Continuous Deployment with Google Container Engine


Google’s Cloud Platform (GCP) is a huge, scalable hosting platform that can be great for deploying an application for today’s needs and tomorrow’s. CircleCI Docs has a brief GCP overview doc however in this guide, we’ll go over continuously deploying an example Rails app to Google Container Engine (GKE). General information on continuous deployment with CircleCI can be found here.

Tools & Concepts Overview

Google Container Engine (GKE)

GKE is Google’s service to run Docker containers, all powered by Google’s open-source software, Kubernetes (K8s for short). This guide takes advantage of newer K8s features (was tested with Kubernetes v1.2).

  • Container Cluster - GKE offers clusters that simply a regular K8s cluster for you. It automatically runs a master endpoint and any nodes you need across Google Compute Engine (GCE) VMs.
  • Deployments - We’ll be using K8s deployments in this guide. This is a newer concept that replaces or wraps pods and replication controllers/replica sets. Deployments make it easy to manage which pods are running, how many, and upgrading containers smartly.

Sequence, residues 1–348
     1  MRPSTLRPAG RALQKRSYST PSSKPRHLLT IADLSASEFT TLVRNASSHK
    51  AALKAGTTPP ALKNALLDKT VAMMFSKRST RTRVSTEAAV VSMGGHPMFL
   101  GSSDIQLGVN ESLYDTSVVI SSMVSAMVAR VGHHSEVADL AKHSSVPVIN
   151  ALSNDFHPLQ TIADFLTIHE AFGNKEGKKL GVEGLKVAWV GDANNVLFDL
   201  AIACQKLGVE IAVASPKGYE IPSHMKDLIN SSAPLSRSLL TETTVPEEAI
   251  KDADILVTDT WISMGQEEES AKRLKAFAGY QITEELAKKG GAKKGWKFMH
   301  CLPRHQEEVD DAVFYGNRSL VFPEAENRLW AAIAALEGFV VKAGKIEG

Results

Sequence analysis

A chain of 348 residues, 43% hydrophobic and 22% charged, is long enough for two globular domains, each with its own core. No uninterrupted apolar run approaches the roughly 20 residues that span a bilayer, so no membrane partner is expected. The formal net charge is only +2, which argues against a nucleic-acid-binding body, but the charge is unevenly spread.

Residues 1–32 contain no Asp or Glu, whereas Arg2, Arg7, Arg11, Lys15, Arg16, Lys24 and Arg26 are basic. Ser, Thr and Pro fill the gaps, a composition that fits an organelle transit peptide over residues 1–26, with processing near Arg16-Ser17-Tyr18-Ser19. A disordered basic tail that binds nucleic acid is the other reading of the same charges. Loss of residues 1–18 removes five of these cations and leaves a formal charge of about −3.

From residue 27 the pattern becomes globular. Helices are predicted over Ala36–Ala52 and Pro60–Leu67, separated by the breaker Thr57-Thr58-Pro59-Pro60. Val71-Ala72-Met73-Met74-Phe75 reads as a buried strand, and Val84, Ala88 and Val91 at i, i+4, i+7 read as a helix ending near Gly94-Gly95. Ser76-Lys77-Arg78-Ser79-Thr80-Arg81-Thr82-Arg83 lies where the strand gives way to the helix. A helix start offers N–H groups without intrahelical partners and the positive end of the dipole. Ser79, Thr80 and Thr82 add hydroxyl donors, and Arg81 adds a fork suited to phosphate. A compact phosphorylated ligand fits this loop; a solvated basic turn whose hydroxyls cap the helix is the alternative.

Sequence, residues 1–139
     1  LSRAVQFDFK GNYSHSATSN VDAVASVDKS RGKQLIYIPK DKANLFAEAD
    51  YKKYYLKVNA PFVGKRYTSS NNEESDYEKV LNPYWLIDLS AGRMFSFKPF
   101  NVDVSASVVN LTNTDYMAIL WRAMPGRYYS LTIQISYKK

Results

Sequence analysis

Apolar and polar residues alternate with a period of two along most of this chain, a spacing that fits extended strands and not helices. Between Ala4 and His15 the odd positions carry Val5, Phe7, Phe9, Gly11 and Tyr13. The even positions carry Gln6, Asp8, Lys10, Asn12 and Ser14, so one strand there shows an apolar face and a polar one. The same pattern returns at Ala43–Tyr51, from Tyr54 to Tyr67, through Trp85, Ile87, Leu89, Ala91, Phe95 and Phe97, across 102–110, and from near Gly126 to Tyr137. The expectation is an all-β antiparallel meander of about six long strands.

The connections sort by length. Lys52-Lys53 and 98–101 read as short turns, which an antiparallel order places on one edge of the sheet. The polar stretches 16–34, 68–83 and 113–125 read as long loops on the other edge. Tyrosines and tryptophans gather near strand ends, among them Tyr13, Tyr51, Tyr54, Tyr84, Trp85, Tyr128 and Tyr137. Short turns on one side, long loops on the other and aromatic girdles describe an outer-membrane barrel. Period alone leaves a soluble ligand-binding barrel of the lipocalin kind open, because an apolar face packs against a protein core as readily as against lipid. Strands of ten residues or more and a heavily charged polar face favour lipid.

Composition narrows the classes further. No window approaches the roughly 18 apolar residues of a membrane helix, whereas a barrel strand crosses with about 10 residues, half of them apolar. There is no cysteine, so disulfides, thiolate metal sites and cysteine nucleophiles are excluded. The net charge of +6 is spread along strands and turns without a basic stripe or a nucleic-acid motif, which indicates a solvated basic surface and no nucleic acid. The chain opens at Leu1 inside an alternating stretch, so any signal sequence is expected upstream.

• gcloud - command-line tool for GCP. This is pre-installed for us on CircleCI.
  • kubectl - command-line tool for K8s. We install this via gcloud.

Google Container Registry (GCR)

Docker images need to be hosted somewhere for easy deployment. Most people will be familiar with the free registry provided by Docker itself, Docker Hub. Among several alternatives, Google provides their own registry to store your images with direct support for gcloud, GKE and K8s.



This guide makes the following assumptions:

  1. Your project source code is hosted on a CircleCI compatible repository.